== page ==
That is particularly the case on the left of the political spectrum where the battles of old between capital and labour provided the source of the term to describe those who broke rank from the union and who were then ostracised forever.

A workforce which is now largely non-unionised has made such name-calling far more infrequent, and at times sound rather dated.

But there was nothing quaint about the leader of the Labour Party this week insinuating colleagues who did not give him their full support were scabs.

It was astonishing. It implied treachery in the extreme. What the outburst really revealed was someone looking for scapegoats for his own self-inflicted woes. . .

It wasn’t the letter written 11 years ago and forgotten about that did the damage.

It was that he’s fronted months of attacks on National for links to donors without the political nous to ensure that he and his party were squeaky clean first.

Where the leader’s chief of staff and supposed political strategist Matt McCarten was in this mess is not obvious. But whether or not he was let down by others,  Cunliffe led the attack without having first secured his own position.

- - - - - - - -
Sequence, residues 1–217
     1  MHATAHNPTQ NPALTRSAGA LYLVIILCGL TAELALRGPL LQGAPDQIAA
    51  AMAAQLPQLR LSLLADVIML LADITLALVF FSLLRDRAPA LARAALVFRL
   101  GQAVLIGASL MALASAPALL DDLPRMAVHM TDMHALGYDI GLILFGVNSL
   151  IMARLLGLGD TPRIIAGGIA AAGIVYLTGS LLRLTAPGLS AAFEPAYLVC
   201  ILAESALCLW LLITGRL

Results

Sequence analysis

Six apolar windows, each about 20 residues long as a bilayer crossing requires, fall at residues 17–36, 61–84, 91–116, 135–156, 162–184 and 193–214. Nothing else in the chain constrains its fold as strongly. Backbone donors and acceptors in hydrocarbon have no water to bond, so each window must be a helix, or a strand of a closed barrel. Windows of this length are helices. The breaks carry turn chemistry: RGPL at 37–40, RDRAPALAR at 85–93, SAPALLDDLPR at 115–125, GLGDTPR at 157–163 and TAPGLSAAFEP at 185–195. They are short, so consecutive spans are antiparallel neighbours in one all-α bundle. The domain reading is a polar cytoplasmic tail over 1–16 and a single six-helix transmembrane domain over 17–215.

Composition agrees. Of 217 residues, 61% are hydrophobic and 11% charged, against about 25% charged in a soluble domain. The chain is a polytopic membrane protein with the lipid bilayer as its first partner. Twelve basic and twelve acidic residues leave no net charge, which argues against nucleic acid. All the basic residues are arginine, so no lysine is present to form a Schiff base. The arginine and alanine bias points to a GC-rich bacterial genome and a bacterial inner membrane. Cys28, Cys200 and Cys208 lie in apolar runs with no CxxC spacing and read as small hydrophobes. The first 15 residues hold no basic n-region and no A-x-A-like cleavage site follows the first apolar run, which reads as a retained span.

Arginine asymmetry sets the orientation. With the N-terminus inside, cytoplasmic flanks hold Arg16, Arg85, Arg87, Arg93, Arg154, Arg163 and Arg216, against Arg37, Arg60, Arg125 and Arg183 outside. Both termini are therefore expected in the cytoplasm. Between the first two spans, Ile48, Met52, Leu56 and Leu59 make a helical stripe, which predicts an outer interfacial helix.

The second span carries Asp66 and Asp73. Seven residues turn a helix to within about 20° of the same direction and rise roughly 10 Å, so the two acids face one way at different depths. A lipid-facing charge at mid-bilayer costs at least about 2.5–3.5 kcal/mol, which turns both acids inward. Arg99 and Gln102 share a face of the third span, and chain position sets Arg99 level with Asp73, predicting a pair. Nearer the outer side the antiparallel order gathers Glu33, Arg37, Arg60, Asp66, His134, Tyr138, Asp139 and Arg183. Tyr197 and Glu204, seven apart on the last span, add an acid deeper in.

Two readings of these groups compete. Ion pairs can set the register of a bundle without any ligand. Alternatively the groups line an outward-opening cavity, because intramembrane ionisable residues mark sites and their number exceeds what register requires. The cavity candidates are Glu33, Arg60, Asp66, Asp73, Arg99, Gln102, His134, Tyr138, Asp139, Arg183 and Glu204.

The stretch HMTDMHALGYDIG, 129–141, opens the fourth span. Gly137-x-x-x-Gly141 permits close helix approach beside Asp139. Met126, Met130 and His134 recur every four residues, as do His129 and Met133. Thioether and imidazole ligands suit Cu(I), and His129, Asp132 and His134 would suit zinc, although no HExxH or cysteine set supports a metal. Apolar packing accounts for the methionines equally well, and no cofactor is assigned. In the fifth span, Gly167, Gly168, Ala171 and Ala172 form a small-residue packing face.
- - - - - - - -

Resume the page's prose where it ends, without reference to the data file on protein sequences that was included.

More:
Mud clings to the hand that throws it and this week Cunliffe managed to splatter himself, and his party with it.

But having steered the ship on to the rocks, he’s not about to hand over the captaincy, and it’s doubtful anyone could be found willing to accept responsibility for the leaky boat.

Today’s revelations have endangered the boat even more.

Liu said he donated a large sum of money to Labour. The party says it has no record of it.

That’s a very big breach of electoral law and raises a very big question – if the party has no record of the donation where did it go?

And to add to accusations against the party which tries to show itself as welcoming of diversity, let’s not forget the Labour used someone who was granted residency by a Labour Immigration minister to score political points and there’s a nasty undertone, deliberate or not of xenophobia in their attacks:

“However, because I’ve built relationships with politicians, made donations, because it’s election year and, dare I say, because I’m Chinese, I suppose I’ve been an easy target for some to gain some political mileage and score some points.”

In the last election campaign, Phil Goff was let down by his then finance spokesman, Cunliffe, when he was asked to show us the money for his policies.

Less than three months from the next election, the party is going to have to show us the missing money or confirm that a party which can’t account for money it’s been given for its own use can’t be trusted to handle money it takes from taxpayers for public use.